Week 4: Quiet! Be Still!: Preparing for Chaos in Your Daily Routine By Alex Russo

In the Gospel of Mark, we experience an often cited narrative in which Jesus, along with his disciples, cross a lake in a small boat. A very common, very normal, and very routine course of events. Picture this… it was a normal, rather calm day for Jesus and his disciples. On a standard commute across the lake (i.e. the sea of Galilee), the disciples were shooting the breeze, Jesus asleep on a cushion in the stern, when suddenly… “a furious squall came up, and the waves broke over the boat, so that it was nearly swamped.” Peace turns to chaos, calm turns to anxiety, and certainty turns to uncertainty. Panic sets in and the disciples begun to flurry about the deck of the boat in fear, panic, and utter chaos. Responding out of fear, they abruptly awaken Jesus and say to him “Teacher, don’t you care if we drown?”

What happens next is quite normal for Jesus, but quite extra-normal for the disciples. Without hesitation, without batting an eye “He got up, rebuked the wind and said to the waves, “Quiet! Be still!” Then the wind died down and it was completely calm.”

What is intriguing about this particular text and what I feel is an often overlooked point it contains is the who and what of Jesus’ command. Certainly his first response is a command to the wind and the waves to halt, quiet, and bring stillness to his immediate environment. “Quiet! Be still!” he commands with authority and power. Jesus was fulfilling a prophesy once foretold in Psalm 89:9 which reads “You rule the raging of the sea; when its waves rise, you still them.” He is also demonstrating his authority and omnipresent power over nature itself. But let us think for a minute... and let us challenge the text a little.

Who was Jesus really rebuking? The wind and waves, or his disciples?

As soon as peace was removed from their immediate surroundings, the disciples responded accordingly. Chaos begot chaos. As soon as peace was restored, the disciples responded accordingly. Peace begot peace. Just look how quick;y we are to respond to our environment? How capricious are our emotions and reactions?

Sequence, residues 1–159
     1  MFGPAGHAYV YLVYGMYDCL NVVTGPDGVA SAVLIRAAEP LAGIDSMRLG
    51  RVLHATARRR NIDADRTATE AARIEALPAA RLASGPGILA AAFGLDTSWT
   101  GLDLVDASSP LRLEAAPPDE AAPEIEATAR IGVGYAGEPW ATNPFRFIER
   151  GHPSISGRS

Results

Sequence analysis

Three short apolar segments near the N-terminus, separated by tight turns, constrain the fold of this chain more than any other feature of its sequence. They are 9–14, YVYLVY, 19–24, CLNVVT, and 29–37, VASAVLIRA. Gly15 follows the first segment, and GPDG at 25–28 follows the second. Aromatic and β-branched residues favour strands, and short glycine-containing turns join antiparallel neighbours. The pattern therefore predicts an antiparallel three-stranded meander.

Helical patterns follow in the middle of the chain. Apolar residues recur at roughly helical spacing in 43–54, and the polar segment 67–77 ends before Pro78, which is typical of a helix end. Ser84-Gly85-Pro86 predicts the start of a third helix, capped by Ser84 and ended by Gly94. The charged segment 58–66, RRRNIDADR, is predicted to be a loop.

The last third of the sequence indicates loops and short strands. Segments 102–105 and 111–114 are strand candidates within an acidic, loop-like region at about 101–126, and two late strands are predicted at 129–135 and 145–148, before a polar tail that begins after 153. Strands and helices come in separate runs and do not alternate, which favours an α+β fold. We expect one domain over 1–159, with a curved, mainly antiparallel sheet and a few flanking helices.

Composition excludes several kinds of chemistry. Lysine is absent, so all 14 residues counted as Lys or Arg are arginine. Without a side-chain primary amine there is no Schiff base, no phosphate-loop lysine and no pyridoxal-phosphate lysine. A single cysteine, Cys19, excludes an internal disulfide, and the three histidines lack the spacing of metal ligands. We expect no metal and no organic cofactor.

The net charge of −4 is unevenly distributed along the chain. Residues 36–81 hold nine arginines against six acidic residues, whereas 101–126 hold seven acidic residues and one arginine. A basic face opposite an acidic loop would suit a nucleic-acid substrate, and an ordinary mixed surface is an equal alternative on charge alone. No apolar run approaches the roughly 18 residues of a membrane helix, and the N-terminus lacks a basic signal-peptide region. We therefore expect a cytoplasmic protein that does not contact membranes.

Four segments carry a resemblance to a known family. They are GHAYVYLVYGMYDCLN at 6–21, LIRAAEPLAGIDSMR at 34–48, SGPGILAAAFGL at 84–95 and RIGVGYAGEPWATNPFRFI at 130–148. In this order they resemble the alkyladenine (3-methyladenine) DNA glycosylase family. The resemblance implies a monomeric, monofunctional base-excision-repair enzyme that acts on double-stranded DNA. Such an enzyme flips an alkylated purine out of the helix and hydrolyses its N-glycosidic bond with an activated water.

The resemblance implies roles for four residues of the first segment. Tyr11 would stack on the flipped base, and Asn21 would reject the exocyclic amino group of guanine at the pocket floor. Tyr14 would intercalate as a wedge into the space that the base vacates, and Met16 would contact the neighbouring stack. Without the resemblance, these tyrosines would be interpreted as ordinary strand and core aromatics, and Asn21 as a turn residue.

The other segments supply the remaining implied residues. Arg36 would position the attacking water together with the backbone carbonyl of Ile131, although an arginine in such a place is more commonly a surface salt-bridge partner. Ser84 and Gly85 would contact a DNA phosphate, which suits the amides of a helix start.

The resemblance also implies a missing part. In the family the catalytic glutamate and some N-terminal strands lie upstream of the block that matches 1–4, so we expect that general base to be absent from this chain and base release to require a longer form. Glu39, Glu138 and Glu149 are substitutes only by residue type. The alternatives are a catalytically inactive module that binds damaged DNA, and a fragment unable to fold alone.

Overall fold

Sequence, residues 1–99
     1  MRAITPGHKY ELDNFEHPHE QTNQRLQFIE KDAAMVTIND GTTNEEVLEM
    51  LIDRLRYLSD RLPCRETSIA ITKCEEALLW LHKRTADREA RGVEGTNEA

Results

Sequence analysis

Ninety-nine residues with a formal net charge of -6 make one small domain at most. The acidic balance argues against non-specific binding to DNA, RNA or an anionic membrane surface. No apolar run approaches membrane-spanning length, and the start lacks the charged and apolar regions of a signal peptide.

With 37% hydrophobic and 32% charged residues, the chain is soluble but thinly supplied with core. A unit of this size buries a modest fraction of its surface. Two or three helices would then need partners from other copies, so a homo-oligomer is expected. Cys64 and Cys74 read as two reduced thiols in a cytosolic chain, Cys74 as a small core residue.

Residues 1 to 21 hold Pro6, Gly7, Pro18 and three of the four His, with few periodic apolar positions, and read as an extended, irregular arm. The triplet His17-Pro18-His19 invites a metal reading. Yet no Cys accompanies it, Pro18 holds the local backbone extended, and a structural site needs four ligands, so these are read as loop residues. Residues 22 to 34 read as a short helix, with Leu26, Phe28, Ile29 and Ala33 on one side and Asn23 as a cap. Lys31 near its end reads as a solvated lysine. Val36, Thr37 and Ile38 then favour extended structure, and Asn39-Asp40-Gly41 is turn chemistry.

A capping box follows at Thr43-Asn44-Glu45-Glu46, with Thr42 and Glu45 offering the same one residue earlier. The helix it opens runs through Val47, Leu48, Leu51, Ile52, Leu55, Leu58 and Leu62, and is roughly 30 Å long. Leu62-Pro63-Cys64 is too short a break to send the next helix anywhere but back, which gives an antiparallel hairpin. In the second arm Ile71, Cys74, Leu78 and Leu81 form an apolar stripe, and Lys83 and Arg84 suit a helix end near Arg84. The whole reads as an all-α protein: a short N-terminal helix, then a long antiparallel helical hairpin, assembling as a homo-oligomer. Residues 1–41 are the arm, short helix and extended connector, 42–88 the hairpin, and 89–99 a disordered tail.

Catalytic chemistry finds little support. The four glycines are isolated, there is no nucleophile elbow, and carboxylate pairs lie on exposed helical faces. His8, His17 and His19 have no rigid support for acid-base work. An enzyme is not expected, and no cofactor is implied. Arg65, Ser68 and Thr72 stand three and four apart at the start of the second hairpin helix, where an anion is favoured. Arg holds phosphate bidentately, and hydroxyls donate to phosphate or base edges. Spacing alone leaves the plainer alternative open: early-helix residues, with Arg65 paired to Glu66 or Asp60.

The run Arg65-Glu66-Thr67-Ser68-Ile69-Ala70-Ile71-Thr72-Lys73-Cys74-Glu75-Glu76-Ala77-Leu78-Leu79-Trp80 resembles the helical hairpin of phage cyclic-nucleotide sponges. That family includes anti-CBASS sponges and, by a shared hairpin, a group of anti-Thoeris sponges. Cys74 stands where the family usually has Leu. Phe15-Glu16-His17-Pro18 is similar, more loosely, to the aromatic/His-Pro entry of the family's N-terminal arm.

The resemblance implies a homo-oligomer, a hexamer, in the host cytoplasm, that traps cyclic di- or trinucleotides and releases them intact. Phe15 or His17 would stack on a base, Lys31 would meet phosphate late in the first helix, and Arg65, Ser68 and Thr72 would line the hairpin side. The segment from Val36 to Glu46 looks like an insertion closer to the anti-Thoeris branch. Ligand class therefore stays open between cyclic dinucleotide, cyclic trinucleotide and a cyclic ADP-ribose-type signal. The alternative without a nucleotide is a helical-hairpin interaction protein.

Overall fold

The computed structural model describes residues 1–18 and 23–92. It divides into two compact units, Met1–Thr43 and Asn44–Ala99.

When we live day to day, walking through the motions, routine to routine, we often forget what chaos and uncertainty is like. What seemed like a routine commute across the lake, something the disciples had likely done hundreds if not thousands of times, turned into an unexpected situation of chaos.

What does your normal routine look like? What have you become familiar with in your day to day schedule? What do you think about during your commute to work, school, or to church?

What I believe this text is telling us is to always be prepared and ready for chaos, even when we least expect it. Our routines often desensitize us to the jagged, uncontrollable, and uncertain events of life in a fallen world. When we are prepared for the uncertainties of this world how might we respond to them? Will we respond like the disciples in fear, anxiety, and loss of control? Or will we respond like Jesus, rebuking, commanding, and having authority over the situation. When Jesus says ““Quiet! Be still!” he is not merely speaking to nature but he is speaking to his panicked disciples. He is speaking to you and me.

How we respond to situations, good or bad, is directed correlated to our identity and knowledge of Christ. Mull over this for a while… after this whole situation unfolded the disciples said “Who is this? Even the wind and the waves obey him!” They may have been with Jesus, but they did not know Jesus or have a confident understanding of his magnificent authority. Once we know Jesus and understand our identity in him, we can soon focus on our routines with Christ-like security, always being on guard (1 Corn. 16:13), and prepared for the uncertain nature of a fallen world.